Yes, I am definitely offended by the word "inability". I don't know if you're trying to sound condescending, but that's definitely how that choice of words comes off. I can spin fine when needed (hills, headwinds and starting from a dead stop), but generally don't do it to cruise flatland because it isn't useful to me.

Like I said above, I start by spinning a relatively low gear, then rapidly shifting up. My acceleration is very good, as are my rods and bearings, which are quite intact and pain free.

I don't know why you feel a need to keep explaining to me that what I do is unusual, that's been my premise all along. Basically, this all started with me commiserating that buying new bikes with high gearing is getting extremely difficult.
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Old 10-25-21, 02:07 PM
  #286  
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Originally Posted by HTupolev View Post
In this example (presumably assuming a typical 700c road setup), 60->61rpm is somewhere around .36 mph, not .6mph. Also, gearing math requires consideration to proportionality: changing by 1rpm at 60rpm is arguably more like changing by 1.53rpm at 92rpm than 1rpm at 92rpm.

But either way, that doesn't answer my question regarding livedarklions' cadence range.

His reasoning was so specious overall, I barely managed to read through it.

Nothing like getting wished "good luck" for something I've been doing successfully for years.
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Old 10-25-21, 02:09 PM
  #287  
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Originally Posted by HTupolev View Post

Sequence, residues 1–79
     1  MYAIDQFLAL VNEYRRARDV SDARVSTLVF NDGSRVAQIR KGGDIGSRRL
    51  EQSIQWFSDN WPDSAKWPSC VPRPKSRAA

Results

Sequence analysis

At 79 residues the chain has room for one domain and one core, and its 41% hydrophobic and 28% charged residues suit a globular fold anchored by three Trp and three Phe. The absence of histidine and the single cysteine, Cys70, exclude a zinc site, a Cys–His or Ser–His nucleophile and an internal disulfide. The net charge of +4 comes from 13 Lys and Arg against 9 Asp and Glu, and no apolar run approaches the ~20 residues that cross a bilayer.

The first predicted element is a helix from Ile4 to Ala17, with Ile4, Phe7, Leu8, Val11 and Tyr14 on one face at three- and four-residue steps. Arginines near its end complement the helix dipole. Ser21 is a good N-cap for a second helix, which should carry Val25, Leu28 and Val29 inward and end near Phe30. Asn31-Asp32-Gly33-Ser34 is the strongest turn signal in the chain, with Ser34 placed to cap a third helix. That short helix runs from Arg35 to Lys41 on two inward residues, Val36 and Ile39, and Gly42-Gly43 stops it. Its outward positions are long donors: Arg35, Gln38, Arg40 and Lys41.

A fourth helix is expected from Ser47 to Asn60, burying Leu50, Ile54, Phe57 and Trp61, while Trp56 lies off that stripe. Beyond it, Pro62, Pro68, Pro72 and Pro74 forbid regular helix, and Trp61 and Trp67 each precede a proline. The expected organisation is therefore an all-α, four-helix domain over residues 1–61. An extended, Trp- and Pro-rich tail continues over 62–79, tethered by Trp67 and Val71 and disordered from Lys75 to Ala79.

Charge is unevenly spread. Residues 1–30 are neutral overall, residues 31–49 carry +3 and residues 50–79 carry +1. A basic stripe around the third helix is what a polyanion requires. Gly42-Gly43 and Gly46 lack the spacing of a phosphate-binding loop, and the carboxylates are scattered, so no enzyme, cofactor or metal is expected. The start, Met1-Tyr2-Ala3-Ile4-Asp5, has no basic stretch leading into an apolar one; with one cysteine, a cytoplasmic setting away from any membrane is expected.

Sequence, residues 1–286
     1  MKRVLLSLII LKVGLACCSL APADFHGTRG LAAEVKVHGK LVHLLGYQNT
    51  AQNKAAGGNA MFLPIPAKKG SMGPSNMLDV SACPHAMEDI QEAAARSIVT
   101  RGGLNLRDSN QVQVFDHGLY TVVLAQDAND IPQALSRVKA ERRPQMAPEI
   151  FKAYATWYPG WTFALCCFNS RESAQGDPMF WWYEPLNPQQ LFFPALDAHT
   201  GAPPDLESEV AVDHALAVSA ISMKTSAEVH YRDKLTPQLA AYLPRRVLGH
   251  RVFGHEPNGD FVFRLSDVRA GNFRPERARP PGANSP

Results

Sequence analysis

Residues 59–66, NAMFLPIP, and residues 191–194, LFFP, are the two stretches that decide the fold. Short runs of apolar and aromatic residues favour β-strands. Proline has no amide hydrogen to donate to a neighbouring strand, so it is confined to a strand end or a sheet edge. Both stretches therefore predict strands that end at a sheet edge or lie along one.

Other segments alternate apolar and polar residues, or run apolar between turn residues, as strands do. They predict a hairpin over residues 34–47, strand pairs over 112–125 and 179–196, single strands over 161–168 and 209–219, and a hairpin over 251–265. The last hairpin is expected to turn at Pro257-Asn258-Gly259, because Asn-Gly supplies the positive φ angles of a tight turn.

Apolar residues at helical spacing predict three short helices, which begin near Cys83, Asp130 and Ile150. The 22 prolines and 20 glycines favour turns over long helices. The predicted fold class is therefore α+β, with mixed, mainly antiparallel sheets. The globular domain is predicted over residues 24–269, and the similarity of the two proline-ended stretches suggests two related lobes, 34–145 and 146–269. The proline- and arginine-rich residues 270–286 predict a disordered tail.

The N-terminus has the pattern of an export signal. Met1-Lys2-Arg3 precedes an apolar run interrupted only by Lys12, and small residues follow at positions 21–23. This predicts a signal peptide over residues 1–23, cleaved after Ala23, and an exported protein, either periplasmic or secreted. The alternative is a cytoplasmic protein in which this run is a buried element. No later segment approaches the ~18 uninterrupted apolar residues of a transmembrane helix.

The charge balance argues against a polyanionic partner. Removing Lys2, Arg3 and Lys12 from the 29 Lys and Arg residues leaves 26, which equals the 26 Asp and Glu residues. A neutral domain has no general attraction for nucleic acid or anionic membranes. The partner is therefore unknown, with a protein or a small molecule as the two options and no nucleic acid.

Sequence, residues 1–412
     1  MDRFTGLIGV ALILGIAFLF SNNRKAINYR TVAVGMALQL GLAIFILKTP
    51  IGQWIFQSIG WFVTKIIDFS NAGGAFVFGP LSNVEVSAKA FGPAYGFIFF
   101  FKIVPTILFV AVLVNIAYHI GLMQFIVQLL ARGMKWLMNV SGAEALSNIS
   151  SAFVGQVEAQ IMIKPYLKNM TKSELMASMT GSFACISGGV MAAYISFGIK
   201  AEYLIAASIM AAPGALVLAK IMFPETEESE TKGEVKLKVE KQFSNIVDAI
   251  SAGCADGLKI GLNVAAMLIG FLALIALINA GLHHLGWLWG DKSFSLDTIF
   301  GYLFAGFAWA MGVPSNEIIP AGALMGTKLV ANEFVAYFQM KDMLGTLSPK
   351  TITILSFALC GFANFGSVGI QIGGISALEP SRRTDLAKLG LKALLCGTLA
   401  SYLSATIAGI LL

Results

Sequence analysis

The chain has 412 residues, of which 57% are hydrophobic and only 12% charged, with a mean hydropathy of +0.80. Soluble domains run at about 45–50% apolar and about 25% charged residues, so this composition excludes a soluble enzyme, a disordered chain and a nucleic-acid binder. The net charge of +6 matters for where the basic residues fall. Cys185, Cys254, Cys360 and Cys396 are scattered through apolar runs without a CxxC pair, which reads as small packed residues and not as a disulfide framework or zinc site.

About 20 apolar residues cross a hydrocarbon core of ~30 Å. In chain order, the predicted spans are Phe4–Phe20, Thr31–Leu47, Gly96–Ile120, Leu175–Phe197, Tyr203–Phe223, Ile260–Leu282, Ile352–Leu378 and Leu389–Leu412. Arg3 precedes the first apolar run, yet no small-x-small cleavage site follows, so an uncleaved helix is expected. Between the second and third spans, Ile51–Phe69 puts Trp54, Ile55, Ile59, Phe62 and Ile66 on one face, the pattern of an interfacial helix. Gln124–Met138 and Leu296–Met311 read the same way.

In this example (presumably assuming a typical 700c road setup), 60->61rpm is somewhere around .36 mph, not .6mph. Also, gearing math requires consideration to proportionality: changing by 1rpm at 60rpm is arguably more like changing by 1.53rpm at 92rpm than 1rpm at 92rpm.

But either way, that doesn't answer my question regarding livedarklions' cadence range.
The math was wrong (looked at wrong row in sheet), but you effectively proved my point in the yellow I changed in your quote.

I'm not arguing you can't have any range you want, I'm arguing the effectiveness of such a gearing choice in a practical nature. Folks can pedal from anything over zero to whatever if they want to.

It's simply not as effective to try to vary cadence to vary speed at a really low cadence versus a higher one.

My argument about cadence talent is that if you're at 90, if you have the talent, can vary that from 70 to 110 probably pretty well. If you're starting at 60 can you in good faith argue that person can vary that cadence in an effective manner (not forcing it) by the same 40rpm spread?